Paul Brislen: let’s talk copper
There seems to be some confusion about copper lines and how they work, not to mention why we are moving away from them for newer technology, so I thought I was going to try to explain everything. .
Copper lines have been the mainstay of the telecommunications world for almost 200 years. Beginning in the mid-1800s with the telegraph, copper lines have been strung all over the world to provide users with binary information ever since.
These first dots and dashes are identical to today’s broadband connections in all but one respect: speed. Networks today send billions of dots and dashes per second, which copper lines could never do.
Sending electrical pulses up and down on a copper line heats the metal and cools it repeatedly, causing degeneration over time. The maintenance of such a network is expensive because it involves digging up underground lines and constantly replacing them with new lines. The more lines are used, the faster they fail.
On top of that, the further away your phone was from the exchange, the poorer the signal. This may be okay for voice calls, but once you start trying to use them for internet access, the quality of the line becomes crucial. Too many users have been told they are too far from the nearest exchange to get an Internet connection, and with the introduction of personal computers this has become a major problem.
The copper lines had one thing going for them – the power to make the call was sent from the central office down the line. Homeowners and businesses weren’t supposed to plug their landlines into a power source at their end – it was done for them. This gave users great peace of mind, especially when they needed to call emergency services. You may pick up the handset and be almost guaranteed to hear a dial tone.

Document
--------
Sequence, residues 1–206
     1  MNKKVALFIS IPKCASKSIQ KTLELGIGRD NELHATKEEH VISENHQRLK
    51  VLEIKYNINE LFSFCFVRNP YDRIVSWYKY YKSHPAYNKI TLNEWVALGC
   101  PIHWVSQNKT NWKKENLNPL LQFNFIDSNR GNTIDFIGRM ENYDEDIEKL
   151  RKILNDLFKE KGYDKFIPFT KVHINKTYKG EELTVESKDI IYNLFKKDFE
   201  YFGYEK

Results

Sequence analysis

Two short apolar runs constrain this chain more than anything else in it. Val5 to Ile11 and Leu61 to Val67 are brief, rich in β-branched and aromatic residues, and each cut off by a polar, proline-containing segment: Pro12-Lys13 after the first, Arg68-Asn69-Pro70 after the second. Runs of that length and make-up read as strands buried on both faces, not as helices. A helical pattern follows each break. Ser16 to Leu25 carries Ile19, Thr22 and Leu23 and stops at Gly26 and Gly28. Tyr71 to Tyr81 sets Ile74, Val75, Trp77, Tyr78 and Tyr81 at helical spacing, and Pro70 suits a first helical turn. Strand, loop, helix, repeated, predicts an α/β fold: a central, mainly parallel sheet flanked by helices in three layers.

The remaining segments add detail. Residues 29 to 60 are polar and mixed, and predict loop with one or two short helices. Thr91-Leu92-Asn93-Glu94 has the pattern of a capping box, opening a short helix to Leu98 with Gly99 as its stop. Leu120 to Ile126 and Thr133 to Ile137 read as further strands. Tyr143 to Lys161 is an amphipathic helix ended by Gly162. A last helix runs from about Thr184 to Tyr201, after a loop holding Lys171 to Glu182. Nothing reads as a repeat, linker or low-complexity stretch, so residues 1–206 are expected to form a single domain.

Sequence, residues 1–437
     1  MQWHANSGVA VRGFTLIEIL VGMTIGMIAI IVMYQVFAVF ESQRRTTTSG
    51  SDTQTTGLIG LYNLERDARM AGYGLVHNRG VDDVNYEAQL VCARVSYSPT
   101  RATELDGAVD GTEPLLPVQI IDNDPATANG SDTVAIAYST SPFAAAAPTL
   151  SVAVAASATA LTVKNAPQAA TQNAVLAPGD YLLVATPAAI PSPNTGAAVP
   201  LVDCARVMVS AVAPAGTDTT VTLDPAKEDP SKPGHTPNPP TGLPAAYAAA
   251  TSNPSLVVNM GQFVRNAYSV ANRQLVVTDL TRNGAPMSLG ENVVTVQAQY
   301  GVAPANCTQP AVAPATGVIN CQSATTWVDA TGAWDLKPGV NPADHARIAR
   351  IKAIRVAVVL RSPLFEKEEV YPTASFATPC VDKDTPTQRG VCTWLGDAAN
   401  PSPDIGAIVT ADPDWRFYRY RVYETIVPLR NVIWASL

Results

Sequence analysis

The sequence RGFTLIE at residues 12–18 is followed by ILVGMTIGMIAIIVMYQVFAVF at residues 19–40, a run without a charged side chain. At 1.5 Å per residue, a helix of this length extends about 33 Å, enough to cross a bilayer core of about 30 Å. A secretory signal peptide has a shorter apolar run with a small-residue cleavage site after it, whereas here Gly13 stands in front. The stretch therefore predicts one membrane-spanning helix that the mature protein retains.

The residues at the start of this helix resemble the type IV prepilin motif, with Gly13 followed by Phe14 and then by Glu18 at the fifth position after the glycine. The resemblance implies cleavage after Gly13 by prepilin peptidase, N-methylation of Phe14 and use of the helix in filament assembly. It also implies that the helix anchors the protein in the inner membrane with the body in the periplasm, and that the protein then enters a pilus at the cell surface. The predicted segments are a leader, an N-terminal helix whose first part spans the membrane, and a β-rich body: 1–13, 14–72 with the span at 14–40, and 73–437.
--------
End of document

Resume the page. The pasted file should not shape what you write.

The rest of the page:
This all ended about 15 years ago when the industry introduced roadside cabinets to improve broadband connection for customers by reducing the distance to every home. Since then, every cabinet and switchboard has included back-up batteries to power the lines, which means that in the event of an interruption in the power supply (an earthquake, for example), even fixed line users will have some hours of battery life before the phone goes silent.
Today, there are new technologies that are rapidly replacing copper lines, providing improved capacity and reduced maintenance overhead.
This is good, because today’s user has much higher expectations than ever before about what they do with their connections.
If you want to talk to someone halfway around the world you don’t have to bite the bullet and hope the paid call won’t be too heavy – you use Zoom and you can see them on video from Full HD quality while chatting. Or you can play an online game with them, or you can both watch TV together, or do business, play music, do your banking, shop, learn, teach – the options are endless .
All of these things require bandwidth. They require increased capacity and as they become more of a staple than a good to have it is important that we have a network that meets demand.
Network deployment in New Zealand continues at a rapid pace and we are connecting many more places to much better infrastructure than ever before. Our experience during COVID was a glimpse of the future: we can work remotely, we can lock the doors but continue to be connected, and that’s important to our economy, but just as important to our community and our society.
The next few years will see New Zealand’s digital economy take the lead in terms of value, but also in terms of jobs and opportunities, especially in regional areas that have struggled in the past due to their isolation – something that good communication networks can help overcome. If we want New Zealand to take its place on the world stage, we must have the network to support it. Fortunately, work is already well advanced on this front.
Auckland man Paul Brislen is the managing director of the New Zealand Telecommunications Forum.